Systolic blood pressure (mmHg) 136.7 (126, 147.3) 141.3 (130.8, 151.2) 130.2 (121, 142)
Missing 0 (0) 0 (0) 54 (0.5)
Diastolic blood pressure (mmHg) 72 (65.5, 79.7) 71.2 (65, 78) 78 (70, 84)
Missing 0 (0) 0 (0) 54 (0.5)
eGFR (mL/min)a 91.3 (74, 107.9) 90.4 (69.8, 111.5) 91.9 (72.5, 111.9)
Missing 0 (0) 1 (0.1) 432 (3.8)
HDL (mg/dL) 43 (36, 51) 45 (38, 51.5) 43 (36, 51)
Missing 378 (27.8) 346 (49.9) 3,512 (30.7)
LDL (mg/dL) 93 (72, 116) 91 (71, 116) 93 (72, 118)
Missing 121 (8.9) 56 (8.1) 2,947 (25.8)
Triglycerides (mg/dL) 150 (104, 216.5) 139 (96, 197.5) 146 (103, 208)
Missing 87 (6.4) 46 (6.6) 1,816 (15.9)
UACR (mg/g) 14 (6, 39.8) 14.2 (4.8, 39.8) 14 (5, 43)
Missing 532 (39.1) 353 (50.9) 4,224 (36.9)
Medication history
Noninsulin diabetes medication 1,139 (83.6) 553 (79.8) 9,253 (80.9)
0 223 (16.4) 140 (20.2) 2,182 (19.1)
1 628 (46.1) 351 (50.6) 5,218 (45.6)
2 362 (26.6) 148 (21.4) 2,929 (25.6)
3+ 149 (10.9) 54 (7.8) 1,106 (9.7)
Insulin 459 (33.7) 237 (34.2) 3,806 (33.3)
Lipid-lowering medications 716 (52.6) 357 (51.5) 5,998 (52.5)
Renin-angiotensin system inhibitorsb 825 (60.6) 423 (61) 7,102 (62.1)
Other antihypertensive medications 973 (71.4) 501 (72.3) 8,066 (70.5)
Aspirin 451 (33.1) 216 (31.2) 4,627 (40.5)
Warfarin 99 (7.3) 66 (9.5) 943 (8.2)

Data are n (%) or median (IQR). COPD, chronic obstructive pulmonary disease; UACR, urinary albumin-to-creatinine ratio.

aeGFR was estimated using the MDRD study equation.

bIncluding ACE inhibitors and angiotensin-receptor blockers.

To address missing values, within each outcome data set, we imputed missing values at baseline (Table 1) with multiple imputation by chained equations (MICE) to create five imputed data sets. Predictive mean matching, logistic regression, and polytomous logistic regression were used for numeric, binary, and categorical variables, respectively. Imputation-corrected SEs of model estimates and contrasts were obtained with Rubin’s formula (6,14).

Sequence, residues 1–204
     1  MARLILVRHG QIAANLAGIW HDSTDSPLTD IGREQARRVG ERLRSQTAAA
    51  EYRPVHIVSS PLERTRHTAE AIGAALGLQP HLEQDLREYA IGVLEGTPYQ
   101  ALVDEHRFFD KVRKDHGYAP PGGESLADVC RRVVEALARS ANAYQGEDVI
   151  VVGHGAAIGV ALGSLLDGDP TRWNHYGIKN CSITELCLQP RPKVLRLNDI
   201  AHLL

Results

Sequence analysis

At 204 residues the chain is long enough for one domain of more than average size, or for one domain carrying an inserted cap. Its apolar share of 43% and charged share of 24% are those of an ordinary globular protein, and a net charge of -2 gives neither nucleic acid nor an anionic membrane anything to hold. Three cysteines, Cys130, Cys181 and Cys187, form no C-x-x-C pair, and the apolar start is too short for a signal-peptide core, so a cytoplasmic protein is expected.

The Wald test was used for comparing mean changes in weight loss and HbA1c, two-sample proportions test for comparing proportions of patients on diabetes and cardiovascular medications, and log-rank test for comparing interventions between the study groups at 5 years of follow-up.

A significance level of 0.05 for two-sided comparisons was considered statistically significant, and 95% CIs were reported where applicable. Because of the potential for a type 1 error due to multiple comparisons, findings should be interpreted as exploratory. All analysis was done in the R statistical programming language (version 3.5.0).

A total of 13,490 patients including 1,362 RYGB, 693 SG, and 11,435 matched nonsurgical patients were included in the analysis. The median BMI of RYGB, SG, and control group was 45.3, 44.7, and 42.6 kg/m2, respectively. In total, 4.3% of patients had a BMI between 30 and 34.9 kg/m2.

The distribution of 37 baseline covariates was well balanced after matching among the RYGB, SG, and nonsurgical patient study groups (Table 1) including median HbA1c level (7.1% vs. 7.0% vs. 7.1%) and eGFR (91.3 vs. 90.4 vs. 91.9 mL/min) and percentage taking insulin (33.7% vs. 34.2% vs. 33.3%), cholesterol-lowering medications (52.6% vs. 51.5% vs. 52.5%), and renin-angiotensin system inhibitors (60.6% vs. 61% vs. 62.1%), respectively. Compared with RYGB patients, SG patients were older (54.6 vs. 51.2 years) and had higher rates of some comorbidities at baseline including heart failure (14.3% vs. 7.7%), history of myocardial infarction (3.3% vs. 1.9%), history of atrial fibrillation (9.1% vs. 5.2%), chronic obstructive pulmonary disease (11.1% vs. 8.4%), and nephropathy (9.8% vs. 6.9%). Conversely, the frequency of smoking (8.9% vs. 4.8%) and BMI ≥40 kg/m2 (77.5% vs. 71.7%) was higher among patients receiving RYGB compared with SG. The median follow-up time for RYGB, SG, and nonsurgical patients was 4.0 years (IQR 1.3–7.0), 2.0 years (IQR 0.7–4.1), and 4.0 years (IQR 2.1–6.1), respectively.

### Primary Composite End Point

The cumulative incidence of the primary end point at 5 years was 13.7% (95% CI 11.4–15.9) in the RYGB group and 24.7% (95% CI 19.0–30.0) in the SG group, with an adjusted hazard ratio (HR) of 0.77 (95% CI 0.60–0.98, P = 0.035) (Fig. 1A and Table 2). The cumulative incidence of the primary end point at 5 years was 30.4% (95% CI 29.4–31.5) in the nonsurgical group. Both metabolic surgical procedures were associated with a significantly lower cumulative incidence of the primary end point at 5 years compared with usual care: HR 0.53 (95% CI 0.46–0.61, P < 0.001) after RYGB and HR 0.69 (95% CI 0.56–0.85, P < 0.001) after SG (Fig. 1A and Table 2).

Figure 1